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Frater, William (1890–1974)

by L. J. Course

This article was published in Australian Dictionary of Biography, Volume 8, (MUP), 1981

William Frater (1890-1974), artist and stained-glass designer, was born on 31 January 1890 at Ochiltree Castle, near Linlithgow, Scotland, son of William Frater, factor to Lord Rosebery, and his wife Sarah, née Manson. His father died shortly after, leaving four children to be brought up by an uncle at West Ochiltree Farm. After education at Kingscavil Primary School and Bridgend Public School, Frater studied for a year at Linlithgow Academy. Late in 1905 he accepted a three-year apprenticeship in the Glasgow glass studio of Oscar Patterson, who encouraged him to enrol at the School of Art. He won the Haldane Scholarship for drawing in 1906 and remained at the school until 1909.

His ambition to become a painter was quickened by the local milieu, especially the Glasgow school's vigorous brushwork stemming from French Impressionism and the transition to the Glasgow Colourism of J. D. Ferguson and S. J. Peploe. Frater absorbed their protest against established fashion, and their dislike of niggling finish and superfluous facts. However he was prevented by his guardian from entering the final painting classes at the school.

Family discord caused him to migrate to Australia in the Norseman, arriving in Melbourne in September 1910. He was refused admission to the National Gallery School of Art by Bernard Hall, accepted a five-year contract to be in charge of stained-glass design at Brooks, Robinson & Co. Ltd, and enrolled in the Victorian Artists' Society life class. After ten months he returned to Britain and in 1912-13 completed his training at Glasgow in the senior painting classes at the School of Art. In 1914 he returned to Melbourne and on 15 May 1915 at West Hawthorn Presbyterian Church he married Winifred Dow, a tailoress.

In the next twenty-five years 'Jock' Frater built up a high reputation as a craftsman and stained-glass designer: at first with Brooks, Robinson, where he resumed his earlier post, and then with E. L. Yencken & Co. Pty Ltd. The west window of Wesley Church, Lonsdale Street, Melbourne, he regarded as his most significant design. His contribution to art in Australia was, however, as a painter who introduced Post-Impressionist principles and challenged the notion that art was an imitation of nature.

Frater's oeuvre developed between 1915 and 1920 towards a simplification of design, an interplay of massed lights and shadows, and sonorous low-keyed colour that reflected his interest in the classical seventeenth century painters in interaction with the analytical tonal theory of Max Meldrum. Notable examples of his predominantly figure and portrait paintings are 'The artist's wife reading' (1915) and 'Portrait of artist's wife' (1919). An experimental Colourist phase followed in the next decade. His first solo exhibition was held in May 1923 at the Athenaeum, Melbourne, and he exhibited with the Twenty Melbourne Painters from the late 1920s, and the Contemporary Group of Melbourne in the 1930s.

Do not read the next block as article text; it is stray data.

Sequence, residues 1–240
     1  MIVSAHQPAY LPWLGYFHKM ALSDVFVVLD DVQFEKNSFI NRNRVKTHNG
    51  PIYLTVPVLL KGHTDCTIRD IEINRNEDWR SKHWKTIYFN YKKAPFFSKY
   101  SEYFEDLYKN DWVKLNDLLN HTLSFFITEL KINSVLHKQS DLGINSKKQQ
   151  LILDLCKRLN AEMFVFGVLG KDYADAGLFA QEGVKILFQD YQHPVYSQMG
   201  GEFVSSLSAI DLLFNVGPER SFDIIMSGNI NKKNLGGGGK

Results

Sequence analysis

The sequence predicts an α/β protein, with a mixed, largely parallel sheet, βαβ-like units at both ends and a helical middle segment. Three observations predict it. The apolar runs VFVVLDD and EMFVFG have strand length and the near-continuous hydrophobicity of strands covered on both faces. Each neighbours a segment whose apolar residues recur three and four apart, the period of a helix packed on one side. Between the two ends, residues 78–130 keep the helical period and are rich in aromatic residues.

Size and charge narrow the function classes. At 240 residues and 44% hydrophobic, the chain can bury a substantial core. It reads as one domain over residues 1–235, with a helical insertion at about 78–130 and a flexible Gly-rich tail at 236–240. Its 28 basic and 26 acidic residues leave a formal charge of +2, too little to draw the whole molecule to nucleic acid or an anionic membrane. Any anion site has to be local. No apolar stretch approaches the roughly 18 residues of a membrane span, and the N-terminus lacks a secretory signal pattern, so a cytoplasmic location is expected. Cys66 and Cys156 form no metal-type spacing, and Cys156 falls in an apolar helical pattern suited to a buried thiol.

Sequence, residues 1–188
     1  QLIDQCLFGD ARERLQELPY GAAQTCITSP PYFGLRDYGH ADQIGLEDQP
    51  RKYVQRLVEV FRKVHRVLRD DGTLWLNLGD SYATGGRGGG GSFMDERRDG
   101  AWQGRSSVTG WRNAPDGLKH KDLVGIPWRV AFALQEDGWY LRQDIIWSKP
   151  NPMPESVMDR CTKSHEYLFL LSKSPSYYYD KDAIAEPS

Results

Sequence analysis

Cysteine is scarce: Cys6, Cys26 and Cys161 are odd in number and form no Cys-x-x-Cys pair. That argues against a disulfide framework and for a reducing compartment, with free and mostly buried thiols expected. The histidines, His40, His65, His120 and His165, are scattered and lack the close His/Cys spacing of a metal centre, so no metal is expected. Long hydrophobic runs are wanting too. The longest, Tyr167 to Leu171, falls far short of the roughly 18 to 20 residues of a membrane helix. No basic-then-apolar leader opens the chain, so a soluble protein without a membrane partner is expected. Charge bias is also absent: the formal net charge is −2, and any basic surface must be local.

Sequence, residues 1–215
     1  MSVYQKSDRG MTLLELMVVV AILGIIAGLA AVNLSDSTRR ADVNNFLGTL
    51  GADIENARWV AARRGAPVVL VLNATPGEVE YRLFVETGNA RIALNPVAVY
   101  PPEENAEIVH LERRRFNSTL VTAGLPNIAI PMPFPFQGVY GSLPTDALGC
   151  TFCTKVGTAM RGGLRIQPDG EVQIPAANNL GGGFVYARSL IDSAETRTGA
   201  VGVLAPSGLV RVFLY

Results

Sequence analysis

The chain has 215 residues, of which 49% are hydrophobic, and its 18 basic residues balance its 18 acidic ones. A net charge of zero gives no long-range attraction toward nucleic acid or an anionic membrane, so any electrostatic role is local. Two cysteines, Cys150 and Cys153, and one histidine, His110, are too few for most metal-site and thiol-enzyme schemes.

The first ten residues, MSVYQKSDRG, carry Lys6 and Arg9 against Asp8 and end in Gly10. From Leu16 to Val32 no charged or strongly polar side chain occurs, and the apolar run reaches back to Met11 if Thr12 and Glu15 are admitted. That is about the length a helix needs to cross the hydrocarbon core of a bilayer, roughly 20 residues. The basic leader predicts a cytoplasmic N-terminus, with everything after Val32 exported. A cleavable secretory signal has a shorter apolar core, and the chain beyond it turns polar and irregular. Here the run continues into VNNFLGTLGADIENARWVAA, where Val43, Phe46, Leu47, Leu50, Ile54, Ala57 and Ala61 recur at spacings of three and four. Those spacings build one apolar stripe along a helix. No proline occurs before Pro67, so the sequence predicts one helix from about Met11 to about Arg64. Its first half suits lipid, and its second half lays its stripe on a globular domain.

In a lecture on modern art in 1925, Frater stated the basic position from which the rest of his oeuvre stems: 'Copying nature is not an art; … to copy effects of light tends to destroy form and colour'. His approach in the 1930s was markedly indebted to Cézanne, especially in the portraits which predominated until his retirement from stained-glass designing in 1940. In the next years his exploration of coastal, bushland and mining areas of Victoria provided themes for landscapes exhibited at the Contemporary Art Society, and in his solo shows at Georges Gallery, Melbourne, and the Macquarie Galleries, Sydney, in 1946. He visited Central Australia in 1950 and Port Douglas, North Queensland, in 1952. His view that great art always had qualities of disturbing strangeness was outlined in an article in Art in Australia (March 1941) and in Daub (1959-60). His later major exhibitions were at the Australian Galleries, Melbourne, in 1958, the Victorian Artists' Society in 1963, and a retrospective at the National Gallery of Victoria in 1966. Frater was a revered president of the Victorian Artists' Society from 1963 until 1972, exhibiting annually with the society during the last decade of his career and filling three galleries at his final exhibition in July 1973.

Frater gave aggressive leadership to the small group of modernists in the 1920s. His example, teaching, lecturing and crusty style of polemic did much to disrupt the academic style as the arbiter of pictorial values and to pioneer a change of taste in the community.

In 1974 Frater was appointed O.B.E. for his services to art. His work is represented in galleries and private collections throughout Australia as well as the Glasgow Art Gallery. He died at his home at Alphington on 28 November 1974 and was buried in Arthurs Creek cemetery. He was survived by four sons and a daughter.

Select Bibliography

  • A. J. V. Shore, 40 Years Seek and Find (Melb, 1957)
  • Bernard Smith, Australian Painting 1788-1960 (Melb, 1962)
  • J. Hetherington, Australian Painters (Melb, 1963)
  • L. Course, ‘Tradition and new accents …’, The Gallery on Eastern Hill, C. B. Christesen ed (Melb, 1970)
  • Meanjin Quarterly, 1948 no 1
  • Studio (London), 1953, no 145
  • Herald (Melbourne), 28 Nov 1974.

Citation details

L. J. Course, 'Frater, William (1890–1974)', Australian Dictionary of Biography, National Centre of Biography, Australian National University, http://adb.anu.edu.au/biography/frater-william-6239/text10739, published in hardcopy 1981, accessed online 27 August 2014.

This article was first published in hardcopy in Australian Dictionary of Biography, Volume 8, (MUP), 1981

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